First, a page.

This posed two kinds of problems to GM, Firestone and the Oil companies. First they acted as the substitution for automobiles, a cheap and comfortable one indeed. Second the trolleys ran on tracks and the tracks in the middle of the road did not serve well for driving automobiles. Goddard describes how the foursome formed a shell company to systematically buy the local trolley franchises, just to shut them down, blaming it on incompetency.

GM’s growth took off. It was a successful strategy, illegal but successful atleast over the next 50 years. But the problem is the strategy was based on the assumption that Oil will remain cheap and ignored the secondary costs like pollution. In any other case, a strategy that delivers 50 years of growth would be considered extremely effective. But the strategy is flawed on two fronts. First, the macroeconomic factors take longer than 50 years, GM’s strategy failed to look ahead that long. Second, and arguably the core reason, GM’s Marketing Myopia.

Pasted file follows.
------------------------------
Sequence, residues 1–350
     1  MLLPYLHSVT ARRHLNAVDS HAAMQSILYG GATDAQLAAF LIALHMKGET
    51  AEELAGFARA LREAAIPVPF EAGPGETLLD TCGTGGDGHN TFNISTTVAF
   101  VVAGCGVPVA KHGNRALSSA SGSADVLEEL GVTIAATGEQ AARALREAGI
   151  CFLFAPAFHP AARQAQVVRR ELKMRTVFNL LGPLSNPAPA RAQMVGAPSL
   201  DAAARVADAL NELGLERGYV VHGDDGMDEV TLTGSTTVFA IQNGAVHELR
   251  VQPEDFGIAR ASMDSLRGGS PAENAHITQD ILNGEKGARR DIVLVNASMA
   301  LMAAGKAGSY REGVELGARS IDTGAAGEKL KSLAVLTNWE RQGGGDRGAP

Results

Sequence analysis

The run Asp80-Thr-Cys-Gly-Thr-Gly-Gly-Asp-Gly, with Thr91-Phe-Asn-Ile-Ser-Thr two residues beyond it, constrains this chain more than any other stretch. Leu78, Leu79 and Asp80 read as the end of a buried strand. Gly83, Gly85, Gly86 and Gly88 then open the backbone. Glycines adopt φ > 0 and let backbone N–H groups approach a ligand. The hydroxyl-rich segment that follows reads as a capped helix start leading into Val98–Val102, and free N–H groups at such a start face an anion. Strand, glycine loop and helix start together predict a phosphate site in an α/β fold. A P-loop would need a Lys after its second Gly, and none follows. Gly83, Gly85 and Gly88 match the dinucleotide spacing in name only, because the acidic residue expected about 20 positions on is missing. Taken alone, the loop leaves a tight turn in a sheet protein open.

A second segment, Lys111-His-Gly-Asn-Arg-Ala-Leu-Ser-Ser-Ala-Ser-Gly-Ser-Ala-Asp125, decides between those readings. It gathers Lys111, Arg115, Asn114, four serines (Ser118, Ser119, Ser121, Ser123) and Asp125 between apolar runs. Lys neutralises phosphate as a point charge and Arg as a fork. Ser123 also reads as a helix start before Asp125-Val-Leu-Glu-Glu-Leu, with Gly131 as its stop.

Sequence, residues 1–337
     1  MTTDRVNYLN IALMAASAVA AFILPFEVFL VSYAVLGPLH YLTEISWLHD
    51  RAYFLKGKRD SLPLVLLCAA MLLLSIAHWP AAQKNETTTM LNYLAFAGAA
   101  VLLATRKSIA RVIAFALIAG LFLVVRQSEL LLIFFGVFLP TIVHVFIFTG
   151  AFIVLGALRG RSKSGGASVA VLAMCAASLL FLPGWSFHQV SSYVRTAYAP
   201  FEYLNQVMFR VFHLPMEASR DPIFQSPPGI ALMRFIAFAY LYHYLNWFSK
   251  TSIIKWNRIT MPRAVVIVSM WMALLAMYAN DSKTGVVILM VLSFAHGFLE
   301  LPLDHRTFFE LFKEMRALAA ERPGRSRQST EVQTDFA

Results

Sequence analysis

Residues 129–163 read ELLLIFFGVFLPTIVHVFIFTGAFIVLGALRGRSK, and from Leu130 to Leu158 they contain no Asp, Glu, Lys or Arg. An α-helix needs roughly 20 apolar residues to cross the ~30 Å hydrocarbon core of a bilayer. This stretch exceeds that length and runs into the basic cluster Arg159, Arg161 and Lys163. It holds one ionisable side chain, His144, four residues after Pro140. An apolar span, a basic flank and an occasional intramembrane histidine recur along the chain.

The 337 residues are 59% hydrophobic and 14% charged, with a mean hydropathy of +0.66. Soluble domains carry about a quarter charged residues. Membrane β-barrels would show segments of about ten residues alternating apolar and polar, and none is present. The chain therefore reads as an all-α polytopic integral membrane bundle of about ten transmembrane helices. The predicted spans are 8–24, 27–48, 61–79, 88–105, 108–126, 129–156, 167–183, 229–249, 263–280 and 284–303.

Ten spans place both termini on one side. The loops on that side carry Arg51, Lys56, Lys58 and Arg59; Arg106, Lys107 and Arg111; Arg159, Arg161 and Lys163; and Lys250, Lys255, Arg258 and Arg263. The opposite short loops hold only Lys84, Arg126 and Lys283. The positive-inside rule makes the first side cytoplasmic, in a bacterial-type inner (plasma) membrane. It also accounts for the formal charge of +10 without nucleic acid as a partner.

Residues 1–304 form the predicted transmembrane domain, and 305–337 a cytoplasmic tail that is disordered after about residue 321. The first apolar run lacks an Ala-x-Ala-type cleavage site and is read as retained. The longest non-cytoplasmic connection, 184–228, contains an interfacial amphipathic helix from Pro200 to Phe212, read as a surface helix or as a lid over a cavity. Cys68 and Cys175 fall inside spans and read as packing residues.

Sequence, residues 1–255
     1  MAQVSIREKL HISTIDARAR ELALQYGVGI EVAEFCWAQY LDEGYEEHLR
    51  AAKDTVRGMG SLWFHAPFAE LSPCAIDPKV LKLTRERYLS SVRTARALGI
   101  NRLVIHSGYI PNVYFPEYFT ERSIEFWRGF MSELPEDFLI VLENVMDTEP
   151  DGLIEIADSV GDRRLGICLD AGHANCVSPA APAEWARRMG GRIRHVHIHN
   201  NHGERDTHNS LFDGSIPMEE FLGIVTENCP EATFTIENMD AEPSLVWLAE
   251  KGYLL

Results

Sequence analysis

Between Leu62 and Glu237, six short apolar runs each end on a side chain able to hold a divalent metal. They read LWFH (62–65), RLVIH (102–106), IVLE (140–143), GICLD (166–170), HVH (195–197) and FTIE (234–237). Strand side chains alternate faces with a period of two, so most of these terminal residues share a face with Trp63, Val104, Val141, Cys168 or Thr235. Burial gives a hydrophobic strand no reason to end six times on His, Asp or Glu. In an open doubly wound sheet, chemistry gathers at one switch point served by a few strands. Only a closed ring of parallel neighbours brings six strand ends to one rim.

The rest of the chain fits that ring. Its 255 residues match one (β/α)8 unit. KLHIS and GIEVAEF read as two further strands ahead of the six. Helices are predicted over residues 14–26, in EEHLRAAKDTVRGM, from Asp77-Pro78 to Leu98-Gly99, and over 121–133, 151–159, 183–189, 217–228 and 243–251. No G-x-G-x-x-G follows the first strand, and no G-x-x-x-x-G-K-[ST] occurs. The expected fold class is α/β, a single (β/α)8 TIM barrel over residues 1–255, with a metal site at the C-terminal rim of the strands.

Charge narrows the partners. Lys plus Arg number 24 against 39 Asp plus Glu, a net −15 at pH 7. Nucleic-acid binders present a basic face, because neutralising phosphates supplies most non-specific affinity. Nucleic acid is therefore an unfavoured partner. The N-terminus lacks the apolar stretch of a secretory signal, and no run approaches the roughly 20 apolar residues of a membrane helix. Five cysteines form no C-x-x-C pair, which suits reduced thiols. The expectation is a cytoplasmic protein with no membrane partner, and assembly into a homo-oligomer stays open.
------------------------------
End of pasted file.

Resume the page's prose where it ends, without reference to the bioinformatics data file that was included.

Ted Levitt wrote in his seminal work, how companies sow their own seeds failure by narrowly defining their strategy. For example, Kodak look at itself in the business of photo films and missed on the digital photography growth. Instead Kodak should have looked at itself in the business of “memory capture”. Then it would not have mattered whether it was selling films or digital cameras.

GM’s Marketing Myopia is obvious in the hinsight. While it executed the strategy that correctly identified trolleys as its “true competition”, it failed to define correctly the business GM is in. GM looked at itself in the business of selling automobiles and not in the transportation business. GM continued to commit to a strategy that made bigger, faster, powerful and luxurious automobiles, forgetting to look at the “purpose these automobiles served”.